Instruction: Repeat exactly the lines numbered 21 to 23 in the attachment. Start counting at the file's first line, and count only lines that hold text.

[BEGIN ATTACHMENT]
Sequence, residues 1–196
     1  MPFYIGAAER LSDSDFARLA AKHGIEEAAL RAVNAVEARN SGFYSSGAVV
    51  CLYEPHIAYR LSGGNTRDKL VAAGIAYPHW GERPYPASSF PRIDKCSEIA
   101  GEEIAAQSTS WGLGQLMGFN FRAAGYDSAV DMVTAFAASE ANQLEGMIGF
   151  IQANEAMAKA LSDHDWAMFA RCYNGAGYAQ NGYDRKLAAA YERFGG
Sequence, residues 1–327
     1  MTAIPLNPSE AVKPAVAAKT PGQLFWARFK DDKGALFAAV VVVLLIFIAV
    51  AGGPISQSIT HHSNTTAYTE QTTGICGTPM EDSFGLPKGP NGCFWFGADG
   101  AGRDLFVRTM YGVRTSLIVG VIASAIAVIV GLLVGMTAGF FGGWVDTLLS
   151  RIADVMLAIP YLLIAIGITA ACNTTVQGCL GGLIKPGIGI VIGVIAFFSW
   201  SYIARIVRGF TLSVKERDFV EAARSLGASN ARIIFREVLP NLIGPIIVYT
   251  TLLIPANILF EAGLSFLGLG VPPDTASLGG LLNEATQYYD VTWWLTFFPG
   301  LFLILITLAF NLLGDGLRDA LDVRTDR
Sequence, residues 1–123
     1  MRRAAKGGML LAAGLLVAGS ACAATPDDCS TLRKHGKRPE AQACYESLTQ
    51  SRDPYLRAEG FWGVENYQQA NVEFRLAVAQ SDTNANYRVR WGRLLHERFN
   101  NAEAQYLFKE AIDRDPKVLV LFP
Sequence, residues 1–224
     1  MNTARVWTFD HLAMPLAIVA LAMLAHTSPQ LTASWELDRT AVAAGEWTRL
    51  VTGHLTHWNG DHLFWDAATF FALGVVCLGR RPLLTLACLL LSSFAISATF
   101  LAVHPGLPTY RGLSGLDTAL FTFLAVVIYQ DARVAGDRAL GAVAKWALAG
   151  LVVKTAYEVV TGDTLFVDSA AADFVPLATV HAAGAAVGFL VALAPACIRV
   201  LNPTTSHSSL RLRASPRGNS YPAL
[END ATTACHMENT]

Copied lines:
   101  LAVHPGLPTY RGLSGLDTAL FTFLAVVIYQ DARVAGDRAL GAVAKWALAG
   151  LVVKTAYEVV TGDTLFVDSA AADFVPLATV HAAGAAVGFL VALAPACIRV
   201  LNPTTSHSSL RLRASPRGNS YPAL